Several of our most recent Torgenson Law blogs have spent time discussing the importance and usefulness of Uninsured (“UM”) and Underinsured (“UIM”) Motorist Coverage. After all, our number one goal at Torgenson Law is to get you the compensation you deserve, and these first-party policies can truly make the difference in fully compensating you for your injuries.
This brings us to today’s topic: The Physical Contact “Requirement” in some UM policies.
As a refresher, Uninsured (“UM”) Motorist Coverage applies in situations where the adverse or negligent driver does not have any liability insurance to compensate you for your injuries. In such a case, your own insurance company steps into the shoes of the uninsured liable party and pays your medical bills, lost wages, and pain and suffering damages up to the policy limits.
Now, some UM policies contain a provision that requires you to actually come into contact with an uninsured motorist’s vehicle for the UM coverage to apply. However, unknown to many individuals, including some insurance adjusters, these provisions are void under Arizona law. In fact, you do not even have to see the uninsured vehicle in question.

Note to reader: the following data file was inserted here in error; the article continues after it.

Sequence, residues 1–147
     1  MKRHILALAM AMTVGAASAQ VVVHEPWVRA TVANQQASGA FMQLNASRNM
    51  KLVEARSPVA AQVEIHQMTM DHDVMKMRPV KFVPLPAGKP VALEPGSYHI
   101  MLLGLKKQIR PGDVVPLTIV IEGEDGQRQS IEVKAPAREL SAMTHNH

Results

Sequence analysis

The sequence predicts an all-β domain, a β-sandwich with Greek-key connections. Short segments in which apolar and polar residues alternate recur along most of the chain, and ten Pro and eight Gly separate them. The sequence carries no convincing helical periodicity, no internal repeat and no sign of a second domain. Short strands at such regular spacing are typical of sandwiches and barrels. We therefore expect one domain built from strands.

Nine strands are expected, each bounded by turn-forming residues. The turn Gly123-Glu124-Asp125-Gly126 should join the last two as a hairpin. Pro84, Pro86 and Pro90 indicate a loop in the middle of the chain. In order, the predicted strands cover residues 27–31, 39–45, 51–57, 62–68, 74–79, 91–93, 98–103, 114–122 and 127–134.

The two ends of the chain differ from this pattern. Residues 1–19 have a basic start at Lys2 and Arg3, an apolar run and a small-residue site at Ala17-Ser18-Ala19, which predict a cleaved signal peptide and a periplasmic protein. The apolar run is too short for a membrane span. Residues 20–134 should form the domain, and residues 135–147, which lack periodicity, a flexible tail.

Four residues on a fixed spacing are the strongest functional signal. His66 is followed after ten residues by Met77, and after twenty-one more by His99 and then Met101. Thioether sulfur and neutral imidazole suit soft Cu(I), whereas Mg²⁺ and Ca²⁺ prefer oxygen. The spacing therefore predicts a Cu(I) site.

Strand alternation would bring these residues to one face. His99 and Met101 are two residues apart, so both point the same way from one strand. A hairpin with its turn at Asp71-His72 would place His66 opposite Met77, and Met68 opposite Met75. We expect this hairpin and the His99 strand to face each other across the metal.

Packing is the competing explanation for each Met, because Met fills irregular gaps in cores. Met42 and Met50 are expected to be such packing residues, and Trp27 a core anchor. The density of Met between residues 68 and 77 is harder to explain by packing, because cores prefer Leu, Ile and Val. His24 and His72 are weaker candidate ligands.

Specifically, A.R.S. § 20-259.01(M) provides: “If an insured makes a bodily injury or death claim under UM or UIM coverage based on an accident that involved an unidentified motor vehicle and no physical contact with the motor vehicle occurred, the insured shall provide corroboration that the unidentified motor vehicle caused the accident.” Furthermore, Arizona case law has clarified that “[p]hysical contact requirements, by restricting coverage to only those unidentified drivers who actually hit the insured, are in conflict with the statute and are void.” Lowing v. Allstate Ins. Co., 176 Ariz. 101, 859 P.2d 724 (1993).
In other words, there is no such thing as a physical contact requirement for Arizona UM claims. This means that your UM policy should apply even when unknown drivers leave obstructions in the road, such as tires, furniture, landscaping equipment, or crash debris, if those obstructions ultimately cause your crash.
Obviously, it is understandable for someone to assume there is no personal injury coverage available when there is no identifiable liable party. Even your own insurance company might tell you there is no coverage under such circumstances. This is precisely why you need experienced Phoenix Injury Lawyers, who know the ins-and-outs of Arizona personal injury law. It will never hurt to get a second opinion especially considering the tactics insurance companies use to give you the least amount of injury compensation as possible.
We, at Torgenson Law, are always willing to review your case to determine if there is potential insurance coverage for your claim. Even when your own insurance denies coverage, do not hesitate to call us at (602) 726-0747 for a free consultation.
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